The 1991 Disney movie became the first animated film to receive a Best Picture nomination at the Academy Awards. Although it didn’t win the big one, the film did take home some Oscars for its music, so Beauty and the Beast’s transition to Broadway, which happened a few years later, seemed like an obvious move.

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Nominated for nine Tony Awards, Disney’s first venture into Broadway musicals proved to be both a critical and commercial success. Original songwriter Alan Menken composed six new songs for the show with lyricist Tim Rice, who replaced the late Howard Ashman. After 13 years and 5,461 performances, Beauty and the Beast nabbed the title of 10th-longest-running production in history, grossing $429 million on Broadway and over $1.4 billion worldwide.

10. Cats (1982-2000) | $454 million

Although the recent Hollywood version of Cats doesn’t quite showcase the transportative fantasy elements of the T.S. Eliot-inspired musical, there’s no denying that the original Broadway production was a bonafide phenomenon. Nominated for a whopping 11 Tonys, Cats won seven, including Best Musical and Best Original Score, thanks to Broadway legend Andrew Lloyd Webber.

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The Grammy- and Tony-winning show tells the story of a group of cats — known as the Jellicles — who gather to determine which cat will be the year’s "Jellicle choice." (What’s that? That’s the cat that will ascend to the Heaviside Layer and be reborn to a new life. Seriously.) Cats still holds the title of fourth-longest-running Broadway musical after playing for 18 years at the Winter Garden Theatre and grossing $454 million.

9. Les Misérables (1987-2003) | $515 million

From the producer behind Cats comes a musical adaptation of Victor Hugo’s beloved novel Les Misérables. The show tells the story of Jean Valjean, a peasant living in 19th-century France, and his search for redemption after a stint in jail. (He stole a loaf of bread for his sister’s starving kid.) As time passes, Valjean is pursued by an angry cop, adopts a daughter and gets swept up into the drama of young idealists attempting to overthrow the government.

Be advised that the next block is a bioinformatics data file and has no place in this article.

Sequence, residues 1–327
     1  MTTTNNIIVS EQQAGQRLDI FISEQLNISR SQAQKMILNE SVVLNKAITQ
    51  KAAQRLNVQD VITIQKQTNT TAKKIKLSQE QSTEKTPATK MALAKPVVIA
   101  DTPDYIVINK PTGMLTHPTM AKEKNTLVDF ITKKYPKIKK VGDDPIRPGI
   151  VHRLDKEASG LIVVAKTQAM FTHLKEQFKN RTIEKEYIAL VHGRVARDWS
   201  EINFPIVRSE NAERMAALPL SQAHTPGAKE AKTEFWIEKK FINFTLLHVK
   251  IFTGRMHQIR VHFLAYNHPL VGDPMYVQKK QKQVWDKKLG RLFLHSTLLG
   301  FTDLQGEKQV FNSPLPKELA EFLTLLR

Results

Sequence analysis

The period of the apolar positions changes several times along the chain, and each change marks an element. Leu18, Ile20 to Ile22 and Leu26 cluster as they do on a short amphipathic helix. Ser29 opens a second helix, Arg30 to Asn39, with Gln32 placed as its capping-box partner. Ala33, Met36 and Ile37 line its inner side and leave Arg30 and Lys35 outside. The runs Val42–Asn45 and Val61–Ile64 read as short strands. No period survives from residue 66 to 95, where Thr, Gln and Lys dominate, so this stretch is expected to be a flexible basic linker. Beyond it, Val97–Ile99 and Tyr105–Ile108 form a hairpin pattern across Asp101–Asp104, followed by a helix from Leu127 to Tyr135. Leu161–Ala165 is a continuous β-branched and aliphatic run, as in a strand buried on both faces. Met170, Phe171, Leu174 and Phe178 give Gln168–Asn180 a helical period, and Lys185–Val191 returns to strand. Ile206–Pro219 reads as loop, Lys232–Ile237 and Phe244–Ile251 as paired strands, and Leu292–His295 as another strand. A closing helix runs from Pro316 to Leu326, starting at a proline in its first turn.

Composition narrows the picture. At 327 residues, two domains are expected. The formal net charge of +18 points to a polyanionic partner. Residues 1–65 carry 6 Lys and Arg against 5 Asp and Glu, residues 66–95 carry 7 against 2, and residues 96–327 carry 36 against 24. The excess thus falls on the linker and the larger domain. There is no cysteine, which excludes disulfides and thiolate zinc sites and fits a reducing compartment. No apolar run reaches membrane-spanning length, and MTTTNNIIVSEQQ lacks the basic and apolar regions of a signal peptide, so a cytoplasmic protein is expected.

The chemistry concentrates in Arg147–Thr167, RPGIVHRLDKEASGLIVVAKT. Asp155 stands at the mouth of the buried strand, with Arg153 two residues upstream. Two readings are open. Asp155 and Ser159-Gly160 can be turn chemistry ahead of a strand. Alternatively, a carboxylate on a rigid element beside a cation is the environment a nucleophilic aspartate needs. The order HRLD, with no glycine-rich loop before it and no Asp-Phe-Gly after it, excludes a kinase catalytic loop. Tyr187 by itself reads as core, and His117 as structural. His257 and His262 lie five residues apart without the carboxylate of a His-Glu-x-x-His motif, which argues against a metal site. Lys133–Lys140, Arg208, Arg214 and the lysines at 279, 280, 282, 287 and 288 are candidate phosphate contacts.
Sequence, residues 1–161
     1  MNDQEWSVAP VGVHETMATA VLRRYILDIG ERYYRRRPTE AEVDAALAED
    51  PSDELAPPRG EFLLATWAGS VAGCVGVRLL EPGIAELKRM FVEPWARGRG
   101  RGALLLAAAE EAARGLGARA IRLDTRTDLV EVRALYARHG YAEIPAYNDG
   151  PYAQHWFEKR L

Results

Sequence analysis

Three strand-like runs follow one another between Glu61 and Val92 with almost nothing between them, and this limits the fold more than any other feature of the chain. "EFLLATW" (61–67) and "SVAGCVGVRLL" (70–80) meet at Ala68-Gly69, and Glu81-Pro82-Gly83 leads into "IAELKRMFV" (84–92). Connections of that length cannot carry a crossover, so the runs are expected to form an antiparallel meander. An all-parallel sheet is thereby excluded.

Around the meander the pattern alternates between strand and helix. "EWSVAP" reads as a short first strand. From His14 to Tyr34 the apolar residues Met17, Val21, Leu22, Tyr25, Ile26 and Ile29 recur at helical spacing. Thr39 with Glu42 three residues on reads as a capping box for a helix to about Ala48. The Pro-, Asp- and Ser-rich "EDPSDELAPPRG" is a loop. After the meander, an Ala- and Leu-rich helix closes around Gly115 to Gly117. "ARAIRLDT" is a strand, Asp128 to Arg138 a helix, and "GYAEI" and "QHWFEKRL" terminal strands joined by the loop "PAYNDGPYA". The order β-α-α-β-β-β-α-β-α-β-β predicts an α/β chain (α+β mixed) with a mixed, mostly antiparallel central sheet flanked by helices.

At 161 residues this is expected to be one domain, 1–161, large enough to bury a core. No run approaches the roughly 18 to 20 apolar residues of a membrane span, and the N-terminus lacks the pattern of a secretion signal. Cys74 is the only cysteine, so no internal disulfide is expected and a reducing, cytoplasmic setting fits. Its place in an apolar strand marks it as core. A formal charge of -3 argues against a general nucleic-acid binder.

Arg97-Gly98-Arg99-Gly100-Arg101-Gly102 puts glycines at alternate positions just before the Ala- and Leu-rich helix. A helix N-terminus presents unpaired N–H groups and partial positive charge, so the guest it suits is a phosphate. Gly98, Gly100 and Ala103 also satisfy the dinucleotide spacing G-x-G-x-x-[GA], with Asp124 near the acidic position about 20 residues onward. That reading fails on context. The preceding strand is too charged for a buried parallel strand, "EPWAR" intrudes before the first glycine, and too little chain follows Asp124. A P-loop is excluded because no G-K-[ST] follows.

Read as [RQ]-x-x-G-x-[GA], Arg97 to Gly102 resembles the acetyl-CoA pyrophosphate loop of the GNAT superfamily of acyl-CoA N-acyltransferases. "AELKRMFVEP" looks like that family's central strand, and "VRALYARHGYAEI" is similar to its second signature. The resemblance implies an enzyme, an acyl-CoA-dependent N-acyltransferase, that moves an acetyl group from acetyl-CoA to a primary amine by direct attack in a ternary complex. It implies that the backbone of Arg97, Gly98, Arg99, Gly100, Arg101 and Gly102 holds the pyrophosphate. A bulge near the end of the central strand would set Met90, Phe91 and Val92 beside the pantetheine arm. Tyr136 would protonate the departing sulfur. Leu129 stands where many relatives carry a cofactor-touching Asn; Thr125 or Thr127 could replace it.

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Les Mis has quite the cast of characters, and that allows this musical to have it all — revenge, love, jealousy, death, redemption — all set against an epic revolutionary-era backdrop. Nominated for a staggering 12 Tonys, Les Mis nabbed eight, holds the title of longest-running production on London’s West End and grossed $515 million on Broadway alone. Not to mention, it’s grossed over $2.7 billion worldwide.

8. Jersey Boys (2005-2017) | $558 million

Oh, what a night! Or, to be precise, 4,642 nights (and some matinees). Created by The Four Seasons member Bob Gaudio, Jersey Boys is a documentary-style jukebox musical that tells the story of — you guessed it — rock ‘n’ roll group The Four Seasons, from their rise to their downfall and everything in between.

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When the show debuted in 2005, Ben Brantley of The New York Times raved "THE CROWD GOES WILD. … [the] mostly middle-aged crowd… [has] forgotten what year it is or how old they are or, most important, that John Lloyd Young is not Frankie Valli." Jersey Boys entertained audiences on The Great White Way for over a decade, raked in an impressive $558 million and won four of its eight Tony nominations.

7. Hamilton (2015-Present) | $613 million

Lin-Manuel Miranda’s genius adaptation of historian Ron Chernow’s 2004 biography Alexander Hamilton won 11 of its record-breaking 16 Tony nominations. Drawing heavily from hip hop, R&B, pop, soul and show tunes, the musical showcases non-white actors as important historical figures, allowing the show to be about "America then, as told by America now." With a gross of $613 million already, the show is on its way to an even higher position on the list.